The US Department of Homeland Security (DHS) has issued a memo warning of the dangers of drones manufactured in China.
The report warns U.S. companies of the dangers of using drones manufactured or sold by companies operating “under the control or influence of a foreign authoritarian state” because the devices equipped with cameras and sensors “are capable of collecting and transmitting potentially revealing data about their operations and the persons and entities operating them.
The alert continues:
“The United States government has strong concerns about any technology product that takes American data into the territory of an authoritarian state that permits its intelligence services to have unfettered access to that data or otherwise abuses that access.”
“Those concerns apply with equal force to certain Chinese-made (unmanned aircraft systems)-connected devices capable of collecting and transferring potentially revealing data about their operations and the individuals and entities operating them, as China imposes unusually stringent obligations on its citizens to support national intelligence activities.”
Is DJI the next Huawei?
Only a week earlier US President Donald Trump issued an order effectively prohibiting US companies from doing business with the Chinese smartphone manufacturer Huawei. Huawei produces popular Android smartphones like the P20 lite.
The DHS alert does not represent a legal order, and DJI itself is not mentioned by name, however there is no doubt this is about DJI: The Chinese drone manufacturer has an estimated market share among consumer drones of more than 80% and its high-end camera drones like the mavic 2 series are considered to be best in its class.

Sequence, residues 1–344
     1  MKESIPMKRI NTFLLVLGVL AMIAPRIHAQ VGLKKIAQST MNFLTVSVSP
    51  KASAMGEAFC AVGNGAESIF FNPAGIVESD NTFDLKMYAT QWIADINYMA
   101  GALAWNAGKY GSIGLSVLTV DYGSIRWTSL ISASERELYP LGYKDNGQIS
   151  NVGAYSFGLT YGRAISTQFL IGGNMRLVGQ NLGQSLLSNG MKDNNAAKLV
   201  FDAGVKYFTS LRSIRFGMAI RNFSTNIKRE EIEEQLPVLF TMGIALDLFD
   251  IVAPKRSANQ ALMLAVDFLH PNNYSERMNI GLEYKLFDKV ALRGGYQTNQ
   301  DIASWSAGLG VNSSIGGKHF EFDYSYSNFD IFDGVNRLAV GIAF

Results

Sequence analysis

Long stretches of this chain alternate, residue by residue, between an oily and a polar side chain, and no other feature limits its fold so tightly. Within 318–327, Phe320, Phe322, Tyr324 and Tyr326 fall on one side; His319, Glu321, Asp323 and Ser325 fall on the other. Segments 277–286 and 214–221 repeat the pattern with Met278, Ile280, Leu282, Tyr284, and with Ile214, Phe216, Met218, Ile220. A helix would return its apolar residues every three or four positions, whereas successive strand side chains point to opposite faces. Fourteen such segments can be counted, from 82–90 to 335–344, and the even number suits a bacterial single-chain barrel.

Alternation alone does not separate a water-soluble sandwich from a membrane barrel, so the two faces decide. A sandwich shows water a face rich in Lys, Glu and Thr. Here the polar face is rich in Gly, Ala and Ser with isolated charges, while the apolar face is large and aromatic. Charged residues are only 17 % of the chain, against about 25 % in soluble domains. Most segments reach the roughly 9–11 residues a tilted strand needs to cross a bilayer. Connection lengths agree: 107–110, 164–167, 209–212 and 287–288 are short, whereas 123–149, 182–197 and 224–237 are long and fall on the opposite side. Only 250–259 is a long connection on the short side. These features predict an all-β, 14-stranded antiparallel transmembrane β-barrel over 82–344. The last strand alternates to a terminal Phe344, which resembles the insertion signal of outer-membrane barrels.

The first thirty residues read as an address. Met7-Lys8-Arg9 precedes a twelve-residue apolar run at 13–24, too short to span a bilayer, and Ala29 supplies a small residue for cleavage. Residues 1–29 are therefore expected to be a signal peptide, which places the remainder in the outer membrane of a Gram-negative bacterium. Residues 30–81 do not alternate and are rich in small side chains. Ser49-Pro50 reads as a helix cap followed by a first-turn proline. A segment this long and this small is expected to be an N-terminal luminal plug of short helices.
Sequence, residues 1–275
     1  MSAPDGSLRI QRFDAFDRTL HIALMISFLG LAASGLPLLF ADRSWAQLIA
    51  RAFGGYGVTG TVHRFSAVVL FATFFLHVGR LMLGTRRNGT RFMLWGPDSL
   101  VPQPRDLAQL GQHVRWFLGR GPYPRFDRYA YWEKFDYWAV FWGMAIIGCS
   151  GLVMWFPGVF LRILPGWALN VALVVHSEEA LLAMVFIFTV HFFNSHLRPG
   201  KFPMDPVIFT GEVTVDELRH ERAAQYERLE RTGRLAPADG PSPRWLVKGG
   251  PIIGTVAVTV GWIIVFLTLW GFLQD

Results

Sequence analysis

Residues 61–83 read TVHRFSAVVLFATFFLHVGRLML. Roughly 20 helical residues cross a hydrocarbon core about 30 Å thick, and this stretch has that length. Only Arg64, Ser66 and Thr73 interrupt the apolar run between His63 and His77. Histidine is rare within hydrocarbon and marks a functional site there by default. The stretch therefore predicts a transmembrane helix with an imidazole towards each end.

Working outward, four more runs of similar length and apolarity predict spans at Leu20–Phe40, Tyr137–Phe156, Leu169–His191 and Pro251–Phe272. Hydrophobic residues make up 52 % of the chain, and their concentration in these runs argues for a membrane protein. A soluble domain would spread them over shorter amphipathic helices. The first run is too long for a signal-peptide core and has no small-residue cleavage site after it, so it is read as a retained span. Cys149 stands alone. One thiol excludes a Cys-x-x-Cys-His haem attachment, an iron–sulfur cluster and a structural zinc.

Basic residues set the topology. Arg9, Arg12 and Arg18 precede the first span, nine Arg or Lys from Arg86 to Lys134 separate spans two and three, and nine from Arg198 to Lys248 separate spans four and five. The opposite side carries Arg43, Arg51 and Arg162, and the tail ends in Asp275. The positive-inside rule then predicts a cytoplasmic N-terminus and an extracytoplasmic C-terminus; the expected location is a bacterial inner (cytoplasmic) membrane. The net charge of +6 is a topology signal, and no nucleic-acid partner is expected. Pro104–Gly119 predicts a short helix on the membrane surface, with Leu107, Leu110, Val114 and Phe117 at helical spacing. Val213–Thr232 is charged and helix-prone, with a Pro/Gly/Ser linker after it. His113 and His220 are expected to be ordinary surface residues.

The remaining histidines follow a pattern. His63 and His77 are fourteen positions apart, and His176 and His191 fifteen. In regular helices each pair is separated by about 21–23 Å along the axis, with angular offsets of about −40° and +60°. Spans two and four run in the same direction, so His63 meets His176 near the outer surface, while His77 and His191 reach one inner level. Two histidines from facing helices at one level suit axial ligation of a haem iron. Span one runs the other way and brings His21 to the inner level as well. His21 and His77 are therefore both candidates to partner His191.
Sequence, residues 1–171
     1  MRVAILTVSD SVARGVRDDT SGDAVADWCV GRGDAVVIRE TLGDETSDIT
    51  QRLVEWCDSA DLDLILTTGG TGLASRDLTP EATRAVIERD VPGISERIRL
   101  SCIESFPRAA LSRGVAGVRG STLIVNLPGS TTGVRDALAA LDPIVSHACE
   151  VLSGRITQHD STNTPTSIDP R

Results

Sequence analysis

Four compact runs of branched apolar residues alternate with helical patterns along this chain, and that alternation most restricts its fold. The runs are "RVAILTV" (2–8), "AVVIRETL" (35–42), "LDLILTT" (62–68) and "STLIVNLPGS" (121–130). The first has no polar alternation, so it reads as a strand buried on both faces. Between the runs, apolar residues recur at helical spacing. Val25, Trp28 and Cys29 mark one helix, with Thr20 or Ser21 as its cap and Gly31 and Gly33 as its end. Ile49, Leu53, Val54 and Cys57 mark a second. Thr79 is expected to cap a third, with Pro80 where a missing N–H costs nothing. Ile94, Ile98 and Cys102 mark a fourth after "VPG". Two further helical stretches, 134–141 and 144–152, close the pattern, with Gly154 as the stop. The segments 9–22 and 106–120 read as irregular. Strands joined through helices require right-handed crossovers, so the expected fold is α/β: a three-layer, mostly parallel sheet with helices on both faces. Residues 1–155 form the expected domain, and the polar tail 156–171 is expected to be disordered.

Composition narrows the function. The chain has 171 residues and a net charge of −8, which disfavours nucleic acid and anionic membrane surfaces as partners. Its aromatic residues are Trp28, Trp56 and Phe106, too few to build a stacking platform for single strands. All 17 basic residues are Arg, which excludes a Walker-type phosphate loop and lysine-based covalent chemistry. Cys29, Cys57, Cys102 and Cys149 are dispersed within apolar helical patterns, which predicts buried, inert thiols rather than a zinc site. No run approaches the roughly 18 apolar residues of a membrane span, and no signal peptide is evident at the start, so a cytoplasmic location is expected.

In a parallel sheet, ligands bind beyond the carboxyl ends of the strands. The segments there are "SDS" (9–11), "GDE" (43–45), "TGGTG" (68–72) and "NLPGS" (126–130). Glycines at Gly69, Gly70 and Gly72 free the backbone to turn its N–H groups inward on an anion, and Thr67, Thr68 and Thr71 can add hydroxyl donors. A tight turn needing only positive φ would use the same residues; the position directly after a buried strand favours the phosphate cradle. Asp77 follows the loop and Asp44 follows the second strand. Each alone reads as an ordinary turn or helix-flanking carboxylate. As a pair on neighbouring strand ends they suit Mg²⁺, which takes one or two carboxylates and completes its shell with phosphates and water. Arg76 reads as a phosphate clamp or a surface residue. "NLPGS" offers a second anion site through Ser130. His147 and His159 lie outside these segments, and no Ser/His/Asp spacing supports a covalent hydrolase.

Should the US government decide to go against Chinese UAS, this could have serious consequences for DJI. A possible scenario is a ban on the use of Chinese drones by state and semi-state units such as fire brigades, rescue services and local authorities, but also a general flight ban for all DJI drone pilots in flight zones and regions that the state considers worthy of protection .
The USA has already expressed national security concerns about drones manufactured in China in the past. In 2017, the US Army issued a ban on the use of DJI drones, claiming in a memo that the company shared critical infrastructure and law enforcement data with the Chinese government.
If the government were to take more direct action against DJI, the company would be hit hard. The winners could be the smaller European and American competitors of DJI, like French company Parrot or smaller special drone manufacturers from the US such as Impossible Aerospace.
The consequences for Yuneec, the second largest Chinese drone manufacturer, are probably unclear: The company produces in China, but its drone runs the Open-Source Software PX4, which has its roots in Switzerland.